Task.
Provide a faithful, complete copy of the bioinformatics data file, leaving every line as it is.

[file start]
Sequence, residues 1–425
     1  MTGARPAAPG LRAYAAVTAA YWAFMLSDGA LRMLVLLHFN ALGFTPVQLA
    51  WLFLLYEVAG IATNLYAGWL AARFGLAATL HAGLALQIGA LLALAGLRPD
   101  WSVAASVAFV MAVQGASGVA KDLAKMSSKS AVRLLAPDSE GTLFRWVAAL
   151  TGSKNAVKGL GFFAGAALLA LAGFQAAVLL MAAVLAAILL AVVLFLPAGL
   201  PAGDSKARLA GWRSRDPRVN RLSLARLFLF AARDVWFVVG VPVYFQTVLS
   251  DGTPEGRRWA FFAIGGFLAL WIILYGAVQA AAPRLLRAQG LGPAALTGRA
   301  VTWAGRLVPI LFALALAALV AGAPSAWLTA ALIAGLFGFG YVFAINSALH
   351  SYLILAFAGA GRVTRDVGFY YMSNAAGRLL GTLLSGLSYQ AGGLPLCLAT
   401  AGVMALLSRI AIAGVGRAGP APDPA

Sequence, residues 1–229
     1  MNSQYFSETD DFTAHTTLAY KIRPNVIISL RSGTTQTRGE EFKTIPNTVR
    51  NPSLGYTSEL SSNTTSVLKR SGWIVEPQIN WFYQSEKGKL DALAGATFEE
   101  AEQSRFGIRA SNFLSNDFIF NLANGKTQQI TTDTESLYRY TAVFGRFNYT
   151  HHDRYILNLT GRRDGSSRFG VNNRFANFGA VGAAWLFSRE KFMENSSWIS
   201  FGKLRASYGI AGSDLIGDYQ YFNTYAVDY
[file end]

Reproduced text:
Sequence, residues 1–425
     1  MTGARPAAPG LRAYAAVTAA YWAFMLSDGA LRMLVLLHFN ALGFTPVQLA
    51  WLFLLYEVAG IATNLYAGWL AARFGLAATL HAGLALQIGA LLALAGLRPD
   101  WSVAASVAFV MAVQGASGVA KDLAKMSSKS AVRLLAPDSE GTLFRWVAAL
   151  TGSKNAVKGL GFFAGAALLA LAGFQAAVLL MAAVLAAILL AVVLFLPAGL
   201  PAGDSKARLA GWRSRDPRVN RLSLARLFLF AARDVWFVVG VPVYFQTVLS
   251  DGTPEGRRWA FFAIGGFLAL WIILYGAVQA AAPRLLRAQG LGPAALTGRA
   301  VTWAGRLVPI LFALALAALV AGAPSAWLTA ALIAGLFGFG YVFAINSALH
   351  SYLILAFAGA GRVTRDVGFY YMSNAAGRLL GTLLSGLSYQ AGGLPLCLAT
   401  AGVMALLSRI AIAGVGRAGP APDPA

Sequence, residues 1–229
     1  MNSQYFSETD DFTAHTTLAY KIRPNVIISL RSGTTQTRGE EFKTIPNTVR
    51  NPSLGYTSEL SSNTTSVLKR SGWIVEPQIN WFYQSEKGKL DALAGATFEE
   101  AEQSRFGIRA SNFLSNDFIF NLANGKTQQI TTDTESLYRY TAVFGRFNYT
   151  HHDRYILNLT GRRDGSSRFG VNNRFANFGA VGAAWLFSRE KFMENSSWIS
   201  FGKLRASYGI AGSDLIGDYQ YFNTYAVDY